“Permanent Partial Disability” is a benefit provided when an injured worker sustains a measurable permanent impairment in their ability to perform work activity. There are two permanent partial disability benefits; “whole person impairment” and “work disability.” The regulations require insurers to consider closing examination findings and “social and vocational factors” to determine permanent partial disability.
If we appeal a Notice of Closure’s permanent partial disability determination, our fee is 25% of any increase in the permanent disability award. Sometimes, our client may recover a penalty if there is a significant increase in the permanent partial disability award on appeal.
Claim “classification” is a description of how a claim is accepted. Claims are divided into two categories: “non-disabling” and “disabling.” If a claim is incorrectly classified as “non-disabling,” the insurer need not file a Notice of Closure and may be avoiding its responsibility to pay permanent partial disability benefits. An injured worker can seek review of the claim’s classification within one year from the date the claim is accepted. If we help an injured worker appeal claim classification, an agency official, Administrative Law Judge or Court will determine how much the insurer will pay for our attorney fee based on the factors set out in the rule.
Medical Service Disputes
Medical Service is the benefit that covers medical treatment for the on-the-job injury. An insurer may deny a medical benefit because it believes the treatment is unnecessary, or it may conclude that the treatment is not related to the accepted medical condition. When we appeal and win a medical services dispute, our fee is paid directly by the insurer, and is based on our time dedicated to resolving the issue.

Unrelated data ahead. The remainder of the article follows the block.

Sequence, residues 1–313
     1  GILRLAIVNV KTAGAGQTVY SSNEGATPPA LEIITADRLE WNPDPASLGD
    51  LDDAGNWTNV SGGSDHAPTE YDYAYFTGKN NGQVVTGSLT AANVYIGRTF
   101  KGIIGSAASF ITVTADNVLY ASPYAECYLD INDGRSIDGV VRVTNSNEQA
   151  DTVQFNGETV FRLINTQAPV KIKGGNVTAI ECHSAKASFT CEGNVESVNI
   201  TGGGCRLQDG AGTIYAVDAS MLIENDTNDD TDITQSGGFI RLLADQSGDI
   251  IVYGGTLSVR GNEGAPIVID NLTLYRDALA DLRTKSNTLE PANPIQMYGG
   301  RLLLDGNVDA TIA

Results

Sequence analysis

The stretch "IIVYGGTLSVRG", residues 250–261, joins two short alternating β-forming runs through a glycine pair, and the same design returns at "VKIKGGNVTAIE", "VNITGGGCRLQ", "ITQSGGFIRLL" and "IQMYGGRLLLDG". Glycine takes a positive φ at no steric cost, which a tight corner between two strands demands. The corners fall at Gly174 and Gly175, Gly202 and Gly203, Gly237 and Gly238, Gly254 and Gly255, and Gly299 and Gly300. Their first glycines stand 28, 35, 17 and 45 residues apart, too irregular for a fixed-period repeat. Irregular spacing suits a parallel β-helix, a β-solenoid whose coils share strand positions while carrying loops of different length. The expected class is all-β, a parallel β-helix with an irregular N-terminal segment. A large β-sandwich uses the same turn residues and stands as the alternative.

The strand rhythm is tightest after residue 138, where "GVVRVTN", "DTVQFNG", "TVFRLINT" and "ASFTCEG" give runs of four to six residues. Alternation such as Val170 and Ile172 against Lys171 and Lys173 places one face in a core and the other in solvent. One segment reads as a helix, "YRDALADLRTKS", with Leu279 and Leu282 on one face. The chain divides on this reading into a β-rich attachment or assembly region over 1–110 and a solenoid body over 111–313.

Unreasonable Delay or Refusal to Pay Benefits
If we can show that an insurer unreasonably delayed or refused to pay the whole or any part of a claim, the State of Oregon will order the insurance company to pay our attorney fees.
Insurers can be penalized for unreasonable claims processing. This includes denying a claim with no “legitimate doubt” on whether its work related. If an Administrative Law Judge or the Workers’ Compensation Board awards penalties, penalties go to the injured worker. The Judge or the Board will also order the insurer to pay an attorney fee.
There are two claims settlements in Oregon Workers’ Compensation; disputed claims settlements and claims disposition agreements. Many claims are resolved with both kinds of settlement agreements. The attorney fee on a disputed claim settlement or claims disposition agreement is 25% of the first $50,000.00 of the settlement proceeds and 10% of any recovery beyond $50,000.00. There are other disbursements that come out of settlement agreements including outstanding medical expenses and costs in pursuing a claim. The Administrative Law Judge or Board member reviewing settlement agreements must also approve attorney fees.
Oral Statements Requested by The Employer or Insurer
When an insurer is investigating a claim during the deferred status period, it may require that you submit to a recorded statement. A recent amendment to the statute allows for attorney fees so you can have a lawyer present when you give a statement. The attorney submits a fee petition to the insurer and is paid according to a fee schedule set out in the rules.
“Own Motion” Claims
“Own Motion” claims are claims to reopen older workers’ compensation claims closed for more than five years. These claims can include a claim to add a new medical condition or to reopen an already accepted claim because the condition has gotten worse. Insurers must pay attorneys who obtain these benefits.
We also include a provision that allows our client to cancel the agreement within twenty-four hours after signing the agreement. We may also resign from a case if we see no viable options to pursue issues for the client.
If you have questions about whether you should have an attorney on the case, or how I our fee agreement works, contact us. You may not need an attorney, but we help you know where you stand.